8:15, 3rd quarter – The Raiders drive 80 yards in nine plays for a TD to make it 34-7. The only people who care are those with Michael Bush on their fantasy team.

3:35, 3rd quarter – The Packers, of course, drive and score again. This time, the Packers get a lengthy field goal — 49 yards — from Crosby to make it 37-7.

It looked like Tim Masthay was finally going to show his face. The Packers faced 3rd and 19 right off the bat. They were in that spot after a very rough couple plays by Derek Sherrod, who after allowing his defender to go right by him and tackle Grant for a 4-yard loss, then allowed a 5-yard sack.

On 3rd and 19 the Raiders only rushed three and dropped eight. Those eight were apparently covering concessions as Rodgers took his time before stepping up and finding Cobb all alone in the middle of the field for 26 yards.

On consecutive plays immediately following that, Lang crushed the center of the Raiders line and Grant went for 16 and then Kuhn went for 12. The Packers would get just four more yards from there, forcing Crosby to kick the field goal.

This is the last drive for Rodgers. Though he ended the game with his worst passer rating this season, the Packers still scored seven times in eight possessions, with the only non-score being the interception in the end zone. Masthay would punt for the first and only time at the 3:11 mark in the fourth quarter. Jim Nance jokingly asked if Masthay still needed to shower.

3:00, 3rd quarter – On second down, Carson Palmer dumped over the middle to Reece. Francois hit Reece and knocked the football loose. A Chicago Cardinal game then commenced. Palmer tried to jump on the ball, but lost it as Tramon Williams hit him. The ball continued to bound towards the Raiders end zone. Erik Walden finally picked it up and got into the end zone to become the 19th Packer this season to score.

That made it 43-7. The PAT was blocked when a Raider got away with using the backs of two Packers linemen to jump the line and get into the backfield. No one cares, but this is the second game in a row this has happened.

It’s 43-7 with the entire fourth quarter to play. Imagine if the Packers continued to play Rodgers into the fourth like the 2007 Patriots did with Tom Brady and Randy Moss.

After another Raiders punt goes a pathetic 18 yards, Matt Flynn takes over and leads another scoring drive, mostly thanks to the great starting position and a weak roughing the passer penalty. Crosby kicks another field goal to make it 46-7 at the beginning of the fourth quarter.

The fourth quarter would be all runs for the Packers and slow drives for the Raiders. It mercifully ends at 46-16.

In one last positive sign for the Packers, the Raiders’ last drive ended with an interception by Sam Shields where he slid down rather than trying to return it.

It’s difficult to take too much from this game because the Raiders committed so many mistakes. No team can come to Lambeau and make that many mistakes without getting walloped.

The Packers ran the ball better than they have all year, but the Raiders rank dead last in run defense.

The Packers had much better coverage downfield and their linebackers covered the running backs much tighter, but the Raiders had no deep threat and virtually no speed on their offense to threaten with.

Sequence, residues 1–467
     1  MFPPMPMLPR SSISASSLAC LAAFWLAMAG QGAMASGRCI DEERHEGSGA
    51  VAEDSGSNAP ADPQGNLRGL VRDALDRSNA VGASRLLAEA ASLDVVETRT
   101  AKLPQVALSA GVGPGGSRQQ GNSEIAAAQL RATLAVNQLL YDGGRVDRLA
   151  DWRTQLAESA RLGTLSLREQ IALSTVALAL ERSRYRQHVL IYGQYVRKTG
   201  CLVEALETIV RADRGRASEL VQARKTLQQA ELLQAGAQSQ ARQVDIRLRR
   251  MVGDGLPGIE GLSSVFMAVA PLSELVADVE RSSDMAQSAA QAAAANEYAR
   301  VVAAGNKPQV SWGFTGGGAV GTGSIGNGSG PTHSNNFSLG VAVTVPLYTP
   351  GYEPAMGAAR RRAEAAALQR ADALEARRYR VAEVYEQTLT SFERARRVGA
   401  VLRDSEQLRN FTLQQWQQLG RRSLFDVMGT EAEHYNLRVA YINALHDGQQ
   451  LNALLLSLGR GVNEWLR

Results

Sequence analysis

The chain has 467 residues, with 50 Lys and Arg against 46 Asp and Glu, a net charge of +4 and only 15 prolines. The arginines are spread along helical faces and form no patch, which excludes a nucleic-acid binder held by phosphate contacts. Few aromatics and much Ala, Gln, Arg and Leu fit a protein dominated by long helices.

D.J. Smith and Robert Francois were awesome in this game, one week after disappearing against the Giants.

Dom Capers challenged the Packers defense, but again, it’s difficult to tell if they were that much better or if the Raiders were simply that much worse.

The Packers went with a rotation at left tackle, and Derek Sherrod was shaky. He run blocked pretty well, but he’s clearly still behind Marshall Newhouse.

Evan Dietrich-Smith was overpowered at times, and the Packers will clearly love to have Josh Sitton back.

Ryan Grant looked as quick as he has all year and even eluded a couple tacklers. Remember: Grant almost always plays better at the end of the season. He and Kuhn both struggled at times in blitz pick-up. That needs to be cleaned up.

In what will be great preparation for the next three games, Jennings was virtually ignored. Donald Driver and Jordy Nelson did the majority of the work, with Randall Cobb and James Jones also making a couple nice plays.

Jennings being out could actually help this team in the long run. I’ve contended that Jones and Cobb aren’t getting the ball thrown to them enough.

Finley ended up with zero receptions after a penalty nullified his one catch. He again failed to deliver with the big catch in the end zone, but it wasn’t a well thrown ball. One would also think his opportunities will rise as well.

I still wonder if Aaron Rodgers hasn’t peaked too soon, and that’s probably my chief concern with this team right now. Sure, no one could keep up the superhuman level he was performing at through the first 10 weeks, and Rodgers is still playing well enough to win. But the fact still remains that Rodgers’ completion percentage has continued to decline ever since the Tampa Bay game. His QB rating has declined the last three weeks. He broke his streak of games over 110 against the Giants, and then broke his streak of over 100 last week.

He’s simply throwing more inaccurate passes than he was earlier in the year.

Rodgers pretty much already has the MVP wrapped up, but if he wants to add another Super Bowl to that, then he might need to get back to being great. Good might not be good enough.